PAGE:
Saturday, June 25, 2011

The Kingdom of Butterball: The King, the Croc and the Minotaur, Part 4

Keeping his head above water, the King was able to watch the rest of the race. The giant finally got smart and used his height to his advantage, cracking the troll on the head and knocking him out cold, so he could go and strike the gong. While the python snapped at the Brownies with his teeth and lashed out at them with his tail, his efforts were fruitless—soon the Brownies had him tied up in a knot, and his snaky skin was not armor enough against their little javelins. The giant who had fought the troll lumbered over and untied the python, completely ignoring the Brownies’ attacks, and threw the python at the gong. The black water snake plunged in to the swamp as soon as he heard the gong. In no time, the snake was neck to neck with the King.

“You seem quite fit for your age,” the water snake commented.

“I like to think that I keep my body working,” the King replied.

But it was evident after a few minutes that he was not as fit as he once was. The snake began to get the best of him, and the King fell behind several feet. Tempting as it was to drop his sword--it was quite inhibiting to his strokes--he knew he needed to keep it in hand.

"Hey Daddy--catch!"

Soon, a bright yellow blob landed in front of him. It was tied to a rope that his three daughters all held tightly. "We'll pull you to shore! We're allowed to help you, remember?"

The King reached out and grasped the bright yellow blob--it was a circular tube--and began kicking harder with his legs. His daughters ran back from the shore line, pulling as hard as they could. Soon, he passed the snake, and reached the shore in no time. The King jumped up and struck the great gong.

The note sounded sure and clear.

Giles’ whistle to signal the end of the contest could not be heard above the whoops and hollers of the Crocs, or the bellows of rage coming from the Minotaur. Princess Buttercup sounded the gong again to gain the audience’s attention. They politely silenced, but continued to wave their tails in the air. Giles bowed to the Minotaur, the Great Croc, and King of Butterball, who was now standing beside the Great Croc, wet as he was.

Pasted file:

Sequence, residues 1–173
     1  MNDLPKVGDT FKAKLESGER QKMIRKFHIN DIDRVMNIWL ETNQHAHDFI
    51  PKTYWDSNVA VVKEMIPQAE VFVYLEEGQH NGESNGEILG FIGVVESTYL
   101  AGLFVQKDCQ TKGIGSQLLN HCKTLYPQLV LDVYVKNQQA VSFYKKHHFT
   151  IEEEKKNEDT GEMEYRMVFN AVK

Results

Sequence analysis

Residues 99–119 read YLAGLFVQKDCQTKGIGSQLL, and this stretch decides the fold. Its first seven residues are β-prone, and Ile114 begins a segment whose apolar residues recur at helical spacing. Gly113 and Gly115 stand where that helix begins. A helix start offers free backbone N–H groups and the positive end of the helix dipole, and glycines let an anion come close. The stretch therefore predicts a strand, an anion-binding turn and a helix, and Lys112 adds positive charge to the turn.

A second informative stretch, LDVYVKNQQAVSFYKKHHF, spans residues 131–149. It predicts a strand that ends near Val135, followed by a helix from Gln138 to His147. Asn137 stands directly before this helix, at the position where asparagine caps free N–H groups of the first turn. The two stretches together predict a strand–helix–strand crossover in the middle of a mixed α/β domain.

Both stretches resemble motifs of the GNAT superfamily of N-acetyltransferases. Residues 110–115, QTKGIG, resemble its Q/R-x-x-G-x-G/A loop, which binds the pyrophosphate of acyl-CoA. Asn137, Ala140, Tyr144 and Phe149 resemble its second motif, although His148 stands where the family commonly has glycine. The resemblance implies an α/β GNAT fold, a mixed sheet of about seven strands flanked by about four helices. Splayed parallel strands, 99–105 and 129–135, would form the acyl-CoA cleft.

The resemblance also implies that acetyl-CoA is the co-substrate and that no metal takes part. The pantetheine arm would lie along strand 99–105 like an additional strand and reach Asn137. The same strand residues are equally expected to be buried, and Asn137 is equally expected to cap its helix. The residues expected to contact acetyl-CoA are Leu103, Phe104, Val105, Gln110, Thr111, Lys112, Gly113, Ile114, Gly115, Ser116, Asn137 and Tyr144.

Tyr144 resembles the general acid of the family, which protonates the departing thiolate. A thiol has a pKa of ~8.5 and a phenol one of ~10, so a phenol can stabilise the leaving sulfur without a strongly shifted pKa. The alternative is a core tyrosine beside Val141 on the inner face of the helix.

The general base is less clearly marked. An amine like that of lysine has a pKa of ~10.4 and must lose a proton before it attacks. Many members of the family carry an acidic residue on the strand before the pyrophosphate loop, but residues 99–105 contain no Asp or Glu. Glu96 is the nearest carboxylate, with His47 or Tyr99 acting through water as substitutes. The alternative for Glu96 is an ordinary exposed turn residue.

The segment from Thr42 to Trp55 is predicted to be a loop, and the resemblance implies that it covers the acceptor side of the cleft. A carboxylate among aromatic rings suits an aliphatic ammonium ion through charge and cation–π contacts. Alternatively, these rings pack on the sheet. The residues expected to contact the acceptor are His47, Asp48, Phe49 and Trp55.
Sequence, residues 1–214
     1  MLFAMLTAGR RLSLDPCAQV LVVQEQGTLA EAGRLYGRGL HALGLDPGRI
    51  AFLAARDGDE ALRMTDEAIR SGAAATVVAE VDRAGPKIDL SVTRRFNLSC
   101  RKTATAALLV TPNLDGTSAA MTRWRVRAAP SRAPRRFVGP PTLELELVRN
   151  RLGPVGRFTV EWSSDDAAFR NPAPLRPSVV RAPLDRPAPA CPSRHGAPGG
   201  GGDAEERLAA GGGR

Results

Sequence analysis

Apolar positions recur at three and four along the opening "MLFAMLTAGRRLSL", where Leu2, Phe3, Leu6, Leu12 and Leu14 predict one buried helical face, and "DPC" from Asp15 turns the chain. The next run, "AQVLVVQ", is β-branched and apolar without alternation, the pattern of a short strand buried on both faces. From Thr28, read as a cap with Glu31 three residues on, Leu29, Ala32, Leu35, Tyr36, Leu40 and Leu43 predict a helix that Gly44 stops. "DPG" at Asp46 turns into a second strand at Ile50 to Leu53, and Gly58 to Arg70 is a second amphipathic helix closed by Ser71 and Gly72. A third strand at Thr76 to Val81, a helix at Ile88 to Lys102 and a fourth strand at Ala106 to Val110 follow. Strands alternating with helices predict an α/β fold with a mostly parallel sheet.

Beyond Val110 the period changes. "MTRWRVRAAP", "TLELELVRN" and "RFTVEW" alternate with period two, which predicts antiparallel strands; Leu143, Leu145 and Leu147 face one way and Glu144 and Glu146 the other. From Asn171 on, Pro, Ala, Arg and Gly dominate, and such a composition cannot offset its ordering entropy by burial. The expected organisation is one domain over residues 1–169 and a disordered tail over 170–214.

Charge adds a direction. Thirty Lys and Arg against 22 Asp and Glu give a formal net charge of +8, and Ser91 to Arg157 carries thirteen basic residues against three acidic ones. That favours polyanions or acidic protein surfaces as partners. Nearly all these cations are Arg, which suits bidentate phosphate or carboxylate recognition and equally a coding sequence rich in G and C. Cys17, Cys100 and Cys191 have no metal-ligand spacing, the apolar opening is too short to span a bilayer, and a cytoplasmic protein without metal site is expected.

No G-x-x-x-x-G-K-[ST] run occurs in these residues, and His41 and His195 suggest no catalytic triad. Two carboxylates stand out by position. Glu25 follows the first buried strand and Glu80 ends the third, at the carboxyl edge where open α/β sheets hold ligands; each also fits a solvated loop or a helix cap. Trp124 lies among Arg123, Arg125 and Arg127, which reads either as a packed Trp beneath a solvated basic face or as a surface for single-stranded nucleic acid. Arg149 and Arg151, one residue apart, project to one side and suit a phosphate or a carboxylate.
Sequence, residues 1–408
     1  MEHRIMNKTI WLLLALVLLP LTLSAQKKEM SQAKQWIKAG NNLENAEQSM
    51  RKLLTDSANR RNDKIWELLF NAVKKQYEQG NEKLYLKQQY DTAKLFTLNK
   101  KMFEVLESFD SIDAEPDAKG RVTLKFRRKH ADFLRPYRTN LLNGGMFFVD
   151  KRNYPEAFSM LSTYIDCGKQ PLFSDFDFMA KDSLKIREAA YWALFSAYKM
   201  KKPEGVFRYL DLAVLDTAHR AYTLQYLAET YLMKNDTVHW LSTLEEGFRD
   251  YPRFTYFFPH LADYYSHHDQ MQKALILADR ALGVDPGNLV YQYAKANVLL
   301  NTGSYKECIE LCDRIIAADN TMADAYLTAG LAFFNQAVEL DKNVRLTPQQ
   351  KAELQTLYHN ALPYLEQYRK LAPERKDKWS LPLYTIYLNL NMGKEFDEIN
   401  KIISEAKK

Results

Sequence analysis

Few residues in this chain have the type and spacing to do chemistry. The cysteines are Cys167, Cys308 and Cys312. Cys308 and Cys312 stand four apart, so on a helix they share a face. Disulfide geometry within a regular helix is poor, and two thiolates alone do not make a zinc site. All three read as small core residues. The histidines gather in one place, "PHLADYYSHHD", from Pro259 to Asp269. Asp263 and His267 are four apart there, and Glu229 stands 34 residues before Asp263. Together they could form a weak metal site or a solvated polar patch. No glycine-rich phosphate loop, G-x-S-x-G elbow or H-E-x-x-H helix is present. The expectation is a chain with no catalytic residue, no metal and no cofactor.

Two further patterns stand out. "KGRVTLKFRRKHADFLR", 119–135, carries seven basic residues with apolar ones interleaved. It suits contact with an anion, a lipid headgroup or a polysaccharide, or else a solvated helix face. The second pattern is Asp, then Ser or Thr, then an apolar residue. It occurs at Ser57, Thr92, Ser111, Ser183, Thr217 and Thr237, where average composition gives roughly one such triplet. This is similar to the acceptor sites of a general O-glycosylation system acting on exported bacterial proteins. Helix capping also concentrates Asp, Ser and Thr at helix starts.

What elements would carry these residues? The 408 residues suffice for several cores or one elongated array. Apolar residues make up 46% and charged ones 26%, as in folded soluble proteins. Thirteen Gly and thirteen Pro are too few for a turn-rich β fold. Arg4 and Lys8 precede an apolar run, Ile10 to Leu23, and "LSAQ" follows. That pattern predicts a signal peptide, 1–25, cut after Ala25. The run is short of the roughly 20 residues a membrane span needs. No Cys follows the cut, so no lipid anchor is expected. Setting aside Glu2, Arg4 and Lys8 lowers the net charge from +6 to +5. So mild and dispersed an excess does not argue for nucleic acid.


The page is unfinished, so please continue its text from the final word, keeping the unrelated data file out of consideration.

“Your Majesties—it would seem that the King of Butterball and his royal daughters have fairly won the contest, based on the conditions laid forth by the Great Croc and the Minotaur. As a result, the Minotaur relinquishes his hold on the Croc’s Bottleneck, and returns the jurisdiction to the Croc People, and will not contest the matter of ownership any further. If he provokes the matter again, he will be dealt with as a law breaker, as the Protocol for Breaking Laws prescribes.”

The Minotaur bowed to the Great Croc in acknowledgement. “My troops shall be withdrawn immediately. The two Butterball knights shall be released. Congratulations on a good contest.” He then bowed to the King of Butterball. “I commend you on your swimming abilities.”

“Gee, thanks!” the King bowed back.

While the Great Croc and the Minotaur continued their discussion of details, the King went over to look at the yellow blob that the Princesses had thrown to him in the water. It was made of some sort of bendy substance, and filled with air. "Where did you find this thing?" he asked his daughters.

"It was in your bag," Princess Buttercup replied. "Bryce found it. You were certainly in the middle of an emergency, so we pulled the tabs as instructed and the thing filled with air. We figured it would float, so threw it to you. Do you know if its really used for that?"


The King, his daughters, and the two knights arrived back at the castle just as the sun was setting, much to Queen’s joy. She rang for the Princess’ favorite dinner to be prepared immediately—macaroni and cheese, with broccoli, and grapes for dessert, with the skin removed. The knights unfortunately had to decline the Queen’s invitation to join the party—there had been a bombardier beetle sighting at a farm just outside of Hockham, and the farmer was worried about the well-being of his harvest of hay, which he had just put in his barns for winter. While the princesses waited for the dinner treat, they recounted the day’s adventure to their mother, lauding their father’s bravery, and telling all about what a wonderful host the Great Croc had been, and how much they were looking forward to their daily swimming and fishing lessons.

“What’s this? Swimming and fishing?” exclaimed the Queen.

“Yes,” the Princess Buttercup confirmed. “For his helpfulness during the contest, the Great Croc has assigned Bryce as commander of the Moat Crocs, and part of his duties is to give us daily swimming and fishing lessons.”

The Queen looked to her husband, who was smiling broadly. “Well, alright, they’re sure to come in useful.”

“However,” the King cleared his throat. “If you are to get the most out of these swimming and fishing lessons, you should pay more attention to your knitting and tea-brewing sessions. You’ll be very grateful for the scarves, blankets, hats and warm beverage after your day in the cold water.”

The End